9. There is no wind chill factor on anything except flesh. Wind chill factor is the "perceived" temperature below ambient by our nervous system. Therefore, if it's 20 degrees outside, it's 20 degrees no matter how fast the wind is blowing or you are riding. The amount of cooling taking place between the hot parts and the air is affected however by how fast the air that becomes heated near the hot part is replaced by air that is at the ambient temperature. The faster you are going the faster the ambient temp air moves through the radiators and over the surfaces of the engine. Sorry, couldn't help it after seeing the "wind chill" comment.
  10. What was the problem leading you to call Enzo in the first place?
  11. The main thing you will learn from riding a 125 2 stroke is that they suck compared to the 250 2 stroke, the 250 4 or the 450 4. They are harder than he11 to ride. Get a 250 4 and find happiness. Graduate to the 450 when you find you need more power than the 250 4 can deliver (which shouldn't be anytime too soon). When you're ready for a 450 (in 1 to 2 years), it will be newer, better and/or cheaper than what you can get right now.
  12. I have the HPSD damper mounted to my 09 YZ450F right now and wrote about it quite a while ago. Yes, I misspelled "damper" in the original post. http://www.thumpertalk.com/forum/showthread.php?t=846426 It works great. You all are right, it doesn't stop headshake right at center but it does stop it just off center where headshake takes the bars naturally anyway. In other words, it does absolutely stop headshake. It really helps in holding lines in the corner as well as add confidence as the bike is starting to slip laterally. One word of warning though, set it at one click in and adjust up from there if needed. I set it to three clicks when I first mounted it as the dampening felt so minimal, and could hardly ride the bike due to major loss of steering responsiveness. I currently run it at just one click in and it's great. Good luck. Hope this helped.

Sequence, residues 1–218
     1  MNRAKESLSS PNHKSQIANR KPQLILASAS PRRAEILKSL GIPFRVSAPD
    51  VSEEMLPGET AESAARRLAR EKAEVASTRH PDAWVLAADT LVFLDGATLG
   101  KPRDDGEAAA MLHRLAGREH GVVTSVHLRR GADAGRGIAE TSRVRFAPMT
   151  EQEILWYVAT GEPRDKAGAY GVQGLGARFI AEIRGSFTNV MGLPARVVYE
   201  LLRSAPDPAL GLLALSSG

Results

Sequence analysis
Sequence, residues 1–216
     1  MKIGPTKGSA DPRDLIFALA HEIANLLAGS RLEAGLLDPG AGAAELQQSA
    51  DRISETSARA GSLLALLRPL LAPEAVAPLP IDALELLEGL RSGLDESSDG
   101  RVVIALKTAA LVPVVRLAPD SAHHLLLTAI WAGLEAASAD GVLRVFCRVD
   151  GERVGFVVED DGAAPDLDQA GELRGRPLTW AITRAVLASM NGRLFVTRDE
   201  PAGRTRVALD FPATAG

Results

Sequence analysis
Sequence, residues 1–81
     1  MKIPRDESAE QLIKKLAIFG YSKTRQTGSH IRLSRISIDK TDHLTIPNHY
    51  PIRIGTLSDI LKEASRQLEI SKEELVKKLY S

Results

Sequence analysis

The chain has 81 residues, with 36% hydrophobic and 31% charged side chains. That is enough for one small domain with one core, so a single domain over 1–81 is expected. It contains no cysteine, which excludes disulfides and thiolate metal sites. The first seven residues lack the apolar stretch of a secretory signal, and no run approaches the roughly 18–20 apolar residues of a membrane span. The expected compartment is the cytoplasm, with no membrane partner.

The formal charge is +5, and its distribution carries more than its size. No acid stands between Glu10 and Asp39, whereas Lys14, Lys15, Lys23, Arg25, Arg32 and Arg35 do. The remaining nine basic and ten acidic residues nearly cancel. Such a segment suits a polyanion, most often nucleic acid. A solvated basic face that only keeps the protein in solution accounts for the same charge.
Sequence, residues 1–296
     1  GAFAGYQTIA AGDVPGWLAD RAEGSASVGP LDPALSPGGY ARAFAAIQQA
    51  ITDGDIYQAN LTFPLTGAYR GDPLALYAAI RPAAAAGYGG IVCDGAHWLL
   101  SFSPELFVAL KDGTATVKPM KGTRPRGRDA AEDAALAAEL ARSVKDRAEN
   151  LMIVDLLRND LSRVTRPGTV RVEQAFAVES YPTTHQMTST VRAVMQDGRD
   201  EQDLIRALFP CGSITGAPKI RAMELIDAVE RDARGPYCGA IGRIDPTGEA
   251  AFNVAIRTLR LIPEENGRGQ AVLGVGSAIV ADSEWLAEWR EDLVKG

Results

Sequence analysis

13. lotta great advice and good points. I'll ride it and pass your advice on to my friend. Thanks.
  14. A stone is 14 lbs. per Wikipedia. That means that Fraser is between 147 and 154 lbs. I would say that he needs softer springs as the stock bike is targeted at a 175 lb rider. Fraser is 21 to 28 lbs lighter than the "target" weight. Of course if you're riding supercross, it may be just about right. On a separate note however it takes large stones for a smaller guy to ride such a big bike and my hats are off to ya Fraser.
  15. I've been saying this ever since the first reviews came out here. I agree also that fuel mapping may help ( I have no idea about this since I have never done it). I do think that a throttle tube with a modified (softer) pull is a good answer. Josh Grant uses these adjustable pull tubes to lessen his throttle response in slippery conditions and make it more responsive in dry/sticky conditions. It won't ever matter how much you loosen the throttle cable except that you will twist your hand further to find the "hit". Prior to the hit, however, you will still be flat as you will have applied no throttle.